NASA Conducts Full-Scale Test Firing of Orion Jettison Motor

Jul 21, 2008
A full-scale rocket motor fires from the Aerojet facility in Sacramento, Calif. This test will help in the development of NASA's Orion jettison motor that is being designed to separate the spacecraft's launch abort system from the crew module during launch. (Aerojet)

(PhysOrg.com) -- NASA completed a full-scale rocket motor test on Thursday, July 17, to further development of the Orion jettison motor, which will separate the spacecraft's launch abort system from the crew module during launch. Orion, the Constellation Program's crew exploration vehicle now under development, will fly to the International Space Station and be part of the spaceflight system to conduct sustained human exploration of the moon.

NASA and Aerojet successfully fired the jettison motor at the Aerojet facility in Sacramento, Calif. The demonstration is part of a series of developmental tests that pave the way for delivery of the motor to be used for the first full-scale test of the launch abort system at the U.S. Army’s White Sands Missile Range in New Mexico late this year.

Engineers will use the test firing to verify that the motor meets specification requirements and to help define induced acoustic, vibration and shock loads caused by the motor. The successful test firing of the jettison motor increases the technical readiness of the launch abort system and is the first full-scale rocket propulsion element qualified to proceed into a system-level demonstration. The test firing also verified that the system’s design criteria and manufacturing processes are in place.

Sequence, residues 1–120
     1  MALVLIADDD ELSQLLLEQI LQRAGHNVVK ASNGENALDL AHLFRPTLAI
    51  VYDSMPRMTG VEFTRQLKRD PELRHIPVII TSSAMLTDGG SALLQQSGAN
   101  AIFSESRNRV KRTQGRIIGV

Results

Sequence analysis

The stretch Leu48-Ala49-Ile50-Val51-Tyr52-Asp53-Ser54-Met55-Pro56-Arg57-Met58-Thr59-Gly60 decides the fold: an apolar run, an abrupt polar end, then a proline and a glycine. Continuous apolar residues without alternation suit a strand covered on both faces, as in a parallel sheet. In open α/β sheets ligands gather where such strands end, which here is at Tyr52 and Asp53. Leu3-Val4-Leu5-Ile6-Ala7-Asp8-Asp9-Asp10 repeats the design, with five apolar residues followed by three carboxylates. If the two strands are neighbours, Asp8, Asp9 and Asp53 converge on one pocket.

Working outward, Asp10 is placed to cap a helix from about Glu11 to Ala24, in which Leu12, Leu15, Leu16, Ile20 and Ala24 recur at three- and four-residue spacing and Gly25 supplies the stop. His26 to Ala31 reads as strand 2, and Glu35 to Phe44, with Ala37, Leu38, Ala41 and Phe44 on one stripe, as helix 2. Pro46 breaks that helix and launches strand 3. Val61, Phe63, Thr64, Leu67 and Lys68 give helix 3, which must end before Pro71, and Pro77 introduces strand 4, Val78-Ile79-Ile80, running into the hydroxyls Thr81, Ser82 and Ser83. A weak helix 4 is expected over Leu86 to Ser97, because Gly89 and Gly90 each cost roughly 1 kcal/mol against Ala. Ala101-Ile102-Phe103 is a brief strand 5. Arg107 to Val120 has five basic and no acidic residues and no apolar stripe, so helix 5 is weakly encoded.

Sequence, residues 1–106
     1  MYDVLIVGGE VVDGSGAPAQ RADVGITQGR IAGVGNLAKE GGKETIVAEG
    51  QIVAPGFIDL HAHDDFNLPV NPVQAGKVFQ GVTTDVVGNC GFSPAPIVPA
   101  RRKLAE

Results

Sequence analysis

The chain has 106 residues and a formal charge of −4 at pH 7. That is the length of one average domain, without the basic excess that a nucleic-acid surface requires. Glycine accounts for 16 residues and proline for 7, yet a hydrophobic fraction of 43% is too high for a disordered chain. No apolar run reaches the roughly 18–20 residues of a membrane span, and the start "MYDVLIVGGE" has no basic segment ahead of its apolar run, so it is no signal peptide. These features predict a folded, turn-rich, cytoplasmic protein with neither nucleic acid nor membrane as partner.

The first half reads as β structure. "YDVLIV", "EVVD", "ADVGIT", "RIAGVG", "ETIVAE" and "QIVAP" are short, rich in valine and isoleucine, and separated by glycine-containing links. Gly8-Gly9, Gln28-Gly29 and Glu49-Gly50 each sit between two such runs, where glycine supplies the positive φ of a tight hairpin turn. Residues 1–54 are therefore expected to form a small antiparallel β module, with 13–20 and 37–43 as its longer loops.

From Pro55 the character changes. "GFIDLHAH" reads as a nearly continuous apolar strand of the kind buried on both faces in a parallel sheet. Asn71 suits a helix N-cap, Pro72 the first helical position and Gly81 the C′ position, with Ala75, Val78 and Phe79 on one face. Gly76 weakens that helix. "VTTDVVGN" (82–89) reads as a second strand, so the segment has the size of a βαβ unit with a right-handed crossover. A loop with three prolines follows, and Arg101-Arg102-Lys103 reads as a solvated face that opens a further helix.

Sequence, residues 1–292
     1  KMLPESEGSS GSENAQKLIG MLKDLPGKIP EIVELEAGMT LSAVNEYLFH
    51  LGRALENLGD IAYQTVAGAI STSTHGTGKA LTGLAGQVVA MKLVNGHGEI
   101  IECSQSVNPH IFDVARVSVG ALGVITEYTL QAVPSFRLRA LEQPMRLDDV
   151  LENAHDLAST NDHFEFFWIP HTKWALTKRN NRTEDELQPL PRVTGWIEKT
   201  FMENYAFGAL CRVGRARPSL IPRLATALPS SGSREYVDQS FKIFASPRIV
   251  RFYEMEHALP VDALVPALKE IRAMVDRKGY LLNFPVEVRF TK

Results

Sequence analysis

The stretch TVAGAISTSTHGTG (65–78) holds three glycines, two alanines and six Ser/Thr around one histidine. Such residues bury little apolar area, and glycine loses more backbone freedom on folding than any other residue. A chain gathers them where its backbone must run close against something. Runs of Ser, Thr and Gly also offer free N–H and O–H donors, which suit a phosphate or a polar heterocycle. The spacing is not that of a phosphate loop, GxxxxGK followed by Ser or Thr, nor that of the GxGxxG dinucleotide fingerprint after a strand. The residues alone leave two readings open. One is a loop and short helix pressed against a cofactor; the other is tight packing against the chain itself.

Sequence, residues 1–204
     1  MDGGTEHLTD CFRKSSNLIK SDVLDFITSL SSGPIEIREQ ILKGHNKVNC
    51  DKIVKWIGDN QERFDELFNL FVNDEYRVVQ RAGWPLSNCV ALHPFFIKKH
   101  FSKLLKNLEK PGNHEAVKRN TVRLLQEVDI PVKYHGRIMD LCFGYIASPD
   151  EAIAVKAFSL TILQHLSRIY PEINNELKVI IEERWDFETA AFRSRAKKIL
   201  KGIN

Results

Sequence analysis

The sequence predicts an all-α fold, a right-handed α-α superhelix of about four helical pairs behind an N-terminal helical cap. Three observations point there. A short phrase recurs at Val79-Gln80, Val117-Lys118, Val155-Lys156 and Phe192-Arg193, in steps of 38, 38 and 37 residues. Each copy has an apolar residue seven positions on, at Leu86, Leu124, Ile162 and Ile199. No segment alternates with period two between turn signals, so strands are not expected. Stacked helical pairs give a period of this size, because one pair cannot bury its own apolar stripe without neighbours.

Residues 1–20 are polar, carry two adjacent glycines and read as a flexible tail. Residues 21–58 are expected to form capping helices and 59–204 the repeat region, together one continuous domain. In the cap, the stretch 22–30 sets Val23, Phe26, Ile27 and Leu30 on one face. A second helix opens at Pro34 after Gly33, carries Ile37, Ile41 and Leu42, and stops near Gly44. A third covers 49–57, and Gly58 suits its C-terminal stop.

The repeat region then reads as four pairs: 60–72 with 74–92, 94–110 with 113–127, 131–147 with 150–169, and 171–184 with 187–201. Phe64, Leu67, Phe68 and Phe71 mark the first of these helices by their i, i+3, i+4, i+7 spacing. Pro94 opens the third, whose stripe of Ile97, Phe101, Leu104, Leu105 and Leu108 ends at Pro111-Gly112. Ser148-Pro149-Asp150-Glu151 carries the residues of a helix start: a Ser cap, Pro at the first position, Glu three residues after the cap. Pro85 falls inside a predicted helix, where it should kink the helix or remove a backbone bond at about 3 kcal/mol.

This test and others like it are critical milestones in NASA's preparations for a series of flight tests of the full Orion abort system. The launch abort system will provide a safe escape for the crew in an emergency on the launch pad or during the climb to orbit.

Provided by NASA

Explore further: Dawn spirals closer to Ceres, returns a new view

Related Stories

Successful SpaceX escape test 'bodes well for future'

May 07, 2015

SpaceX's Dragon capsule sailed through the first flight test of its emergency astronaut escape feature Wednesday, a critical step toward launching people into space from US soil in the next two years.

Flexing new muscles on the International Space Station

Apr 13, 2015

When people conjure an image of a robot in their mind, they may imagine something out of a steampunk story—complex gears, rotors and clockworks. All metal, no muscle—but that's all about to change.

Recommended for you

Dawn spirals closer to Ceres, returns a new view

4 hours ago

A new view of Ceres, taken by NASA's Dawn spacecraft on May 23, shows finer detail is becoming visible on the dwarf planet. The spacecraft snapped the image at a distance of 3,200 miles (5,100 kilometers) ...

Ariane 5's second launch of 2015

15 hours ago

An Ariane 5 lifted off last night from Europe's Spaceport in Kourou, French Guiana and delivered two telecom satellites into their planned orbits.

User comments : 0

Please sign in to add a comment. Registration is free, and takes less than a minute. Read more

Click here to reset your password.
Sign in to get notified via email when new comments are made.